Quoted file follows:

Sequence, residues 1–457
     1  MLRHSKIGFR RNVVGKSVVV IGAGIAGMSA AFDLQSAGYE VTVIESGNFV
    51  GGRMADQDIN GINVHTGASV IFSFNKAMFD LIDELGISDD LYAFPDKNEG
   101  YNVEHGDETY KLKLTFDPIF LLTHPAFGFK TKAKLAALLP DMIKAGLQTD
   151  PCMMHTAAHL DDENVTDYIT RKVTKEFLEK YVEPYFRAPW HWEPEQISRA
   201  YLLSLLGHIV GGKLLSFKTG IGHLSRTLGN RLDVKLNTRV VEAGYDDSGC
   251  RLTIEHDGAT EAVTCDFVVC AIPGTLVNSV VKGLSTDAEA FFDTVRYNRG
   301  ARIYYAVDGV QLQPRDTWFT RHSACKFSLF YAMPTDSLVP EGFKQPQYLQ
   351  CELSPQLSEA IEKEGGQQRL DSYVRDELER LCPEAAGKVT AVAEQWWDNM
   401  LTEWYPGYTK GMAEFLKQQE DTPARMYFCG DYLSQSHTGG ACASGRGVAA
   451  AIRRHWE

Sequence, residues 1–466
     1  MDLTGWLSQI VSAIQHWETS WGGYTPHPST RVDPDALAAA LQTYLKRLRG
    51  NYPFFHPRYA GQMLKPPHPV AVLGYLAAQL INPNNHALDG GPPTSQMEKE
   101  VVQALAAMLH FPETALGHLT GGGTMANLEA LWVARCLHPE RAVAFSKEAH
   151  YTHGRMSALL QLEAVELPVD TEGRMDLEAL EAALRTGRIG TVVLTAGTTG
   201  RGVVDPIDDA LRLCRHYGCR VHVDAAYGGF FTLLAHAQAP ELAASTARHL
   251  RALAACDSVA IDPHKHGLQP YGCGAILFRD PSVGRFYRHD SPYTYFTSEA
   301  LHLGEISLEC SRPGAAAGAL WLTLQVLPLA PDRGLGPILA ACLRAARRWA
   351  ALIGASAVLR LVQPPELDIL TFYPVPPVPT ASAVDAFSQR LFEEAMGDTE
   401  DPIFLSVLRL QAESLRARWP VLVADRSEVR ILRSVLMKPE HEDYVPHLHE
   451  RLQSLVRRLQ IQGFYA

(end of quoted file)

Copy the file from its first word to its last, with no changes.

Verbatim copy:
Sequence, residues 1–457
     1  MLRHSKIGFR RNVVGKSVVV IGAGIAGMSA AFDLQSAGYE VTVIESGNFV
    51  GGRMADQDIN GINVHTGASV IFSFNKAMFD LIDELGISDD LYAFPDKNEG
   101  YNVEHGDETY KLKLTFDPIF LLTHPAFGFK TKAKLAALLP DMIKAGLQTD
   151  PCMMHTAAHL DDENVTDYIT RKVTKEFLEK YVEPYFRAPW HWEPEQISRA
   201  YLLSLLGHIV GGKLLSFKTG IGHLSRTLGN RLDVKLNTRV VEAGYDDSGC
   251  RLTIEHDGAT EAVTCDFVVC AIPGTLVNSV VKGLSTDAEA FFDTVRYNRG
   301  ARIYYAVDGV QLQPRDTWFT RHSACKFSLF YAMPTDSLVP EGFKQPQYLQ
   351  CELSPQLSEA IEKEGGQQRL DSYVRDELER LCPEAAGKVT AVAEQWWDNM
   401  LTEWYPGYTK GMAEFLKQQE DTPARMYFCG DYLSQSHTGG ACASGRGVAA
   451  AIRRHWE

Sequence, residues 1–466
     1  MDLTGWLSQI VSAIQHWETS WGGYTPHPST RVDPDALAAA LQTYLKRLRG
    51  NYPFFHPRYA GQMLKPPHPV AVLGYLAAQL INPNNHALDG GPPTSQMEKE
   101  VVQALAAMLH FPETALGHLT GGGTMANLEA LWVARCLHPE RAVAFSKEAH
   151  YTHGRMSALL QLEAVELPVD TEGRMDLEAL EAALRTGRIG TVVLTAGTTG
   201  RGVVDPIDDA LRLCRHYGCR VHVDAAYGGF FTLLAHAQAP ELAASTARHL
   251  RALAACDSVA IDPHKHGLQP YGCGAILFRD PSVGRFYRHD SPYTYFTSEA
   301  LHLGEISLEC SRPGAAAGAL WLTLQVLPLA PDRGLGPILA ACLRAARRWA
   351  ALIGASAVLR LVQPPELDIL TFYPVPPVPT ASAVDAFSQR LFEEAMGDTE
   401  DPIFLSVLRL QAESLRARWP VLVADRSEVR ILRSVLMKPE HEDYVPHLHE
   451  RLQSLVRRLQ IQGFYA